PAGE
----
How your mental outlook influences the ultimate muscle-building hormone
Testosterone may get a bad rap in some circles these days, but even the least-informed bodybuilder has a pretty good idea that an adequate level of that hormone is paramount for building muscle. Those same bodybuilders also have at least some idea that training, eating, bodybuilding supplements, even sleeping affect their "test" scores, even if they're not exactly sure how. But if you told them that hormone is influenced by moods and attitudes as well, most men wouldn't even admit they have them, let alone consider the possibility that what's going on upstairs can affect what happens bio-chemically below the belt.
Yet, several studies suggest that individuals with winning attitudes enjoy higher testosterone levels, at least temporarily, than those without such an attitude. One group of researchers, for example, measured testosterone levels in six college tennis players and found that testosterone levels began to rise in all of them before their matches, apparently in anticipation of competition. The big surprise came after the fact: The testosterone levels of those who won their matches remained high, while the testosterone levels of those who lost plummeted.
A second group of researchers, at North Dakota State University in Fargo, took things a step further by trying to figure out if it was the competition itself, or the mood produced by winning, that caused the rise in testosterone. In their experiment, male college students either won or lost $5 through a series of coin tosses. The task removed all elements of skill or competition; blind luck determined winners and losers. After the tosses had been completed, the researchers measured the saliva of participants for changes in their testosterone levels. Those who won money experienced a more positive mood and a rise in "test"; those who lost showed a decrease in the latter. The results suggested that the act of winning, rather than the nature of the competition or the skill involved, improves mood and produces an increase in testosterone levels.
Two more recent studies by a single group of researchers went further still by finding that you don't even have to participate actively in winning to experience an increased testosterone release. In one study, the researchers measured the salivary testosterone levels of fans who attended a college basketball game. In another, they took the same measurement of a group who watched a World Cup soccer match on television.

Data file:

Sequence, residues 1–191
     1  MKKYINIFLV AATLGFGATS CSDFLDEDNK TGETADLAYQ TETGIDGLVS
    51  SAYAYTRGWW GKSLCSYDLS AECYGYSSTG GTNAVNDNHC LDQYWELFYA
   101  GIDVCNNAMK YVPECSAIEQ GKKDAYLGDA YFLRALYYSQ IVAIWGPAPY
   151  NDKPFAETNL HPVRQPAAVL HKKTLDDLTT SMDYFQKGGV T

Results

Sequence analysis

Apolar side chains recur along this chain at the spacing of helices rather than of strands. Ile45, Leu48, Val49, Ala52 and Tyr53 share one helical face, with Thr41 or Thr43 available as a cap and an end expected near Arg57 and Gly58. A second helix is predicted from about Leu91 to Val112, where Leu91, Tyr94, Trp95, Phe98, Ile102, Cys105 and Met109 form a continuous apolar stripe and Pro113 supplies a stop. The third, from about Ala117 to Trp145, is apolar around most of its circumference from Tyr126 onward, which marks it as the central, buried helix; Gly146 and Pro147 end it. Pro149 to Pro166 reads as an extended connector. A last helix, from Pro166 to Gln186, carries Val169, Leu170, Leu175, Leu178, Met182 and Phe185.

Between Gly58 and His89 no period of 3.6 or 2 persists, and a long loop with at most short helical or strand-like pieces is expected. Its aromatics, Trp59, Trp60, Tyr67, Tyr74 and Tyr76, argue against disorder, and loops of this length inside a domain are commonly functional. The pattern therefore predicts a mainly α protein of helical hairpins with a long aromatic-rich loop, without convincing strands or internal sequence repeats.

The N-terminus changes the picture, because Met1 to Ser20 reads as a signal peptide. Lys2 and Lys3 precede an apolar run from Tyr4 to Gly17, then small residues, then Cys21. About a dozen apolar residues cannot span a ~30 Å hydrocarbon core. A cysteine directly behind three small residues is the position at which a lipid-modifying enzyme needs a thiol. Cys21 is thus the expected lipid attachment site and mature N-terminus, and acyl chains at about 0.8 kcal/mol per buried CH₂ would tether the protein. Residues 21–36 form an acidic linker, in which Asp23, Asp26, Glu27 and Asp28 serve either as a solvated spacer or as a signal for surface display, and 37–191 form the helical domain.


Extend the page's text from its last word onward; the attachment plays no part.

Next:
The outcome even surprised the study's lead researcher, Paul Bernhardt, MS, a doctoral candidate in educational psychology at the University of Utah in Salt Lake City. "Fans don't have much to do with the outcome; they're more like voyeurs to the team's experience of competition," he notes. Nonetheless, experiencing victory even vicariously apparently has a very real effect on a person's hormone levels.
The "Sports Bar" Workout?
Does this mean you can forget about the gym and build huge guns simply by punching ESPN for reps on the clicker? Hardly. For one, the amount of testosterone released as a result of the so-called winning-mood effect probably isn't enough to build muscle directly. The temporary, rather than sustained, nature of the change in "test" levels is also a limiting factor. "The changes in testosterone that seem to accompany winning or losing are fairly short term, so it's hard to see how they would have much anabolic effect," says Allan Mazur, PhD, a professor of public affairs at Syracuse University (New York).
What's more, researchers don't yet know if a winning mood affects the release of other substances involved in muscle growth, such as human growth hormone and insulin-like growth factor. Nor do the researchers understand the extent to which this effect might occur in women and older men, since their studies have typically examined either male college students or men no older than their early 40s.
The Rise & Fall of Testosterone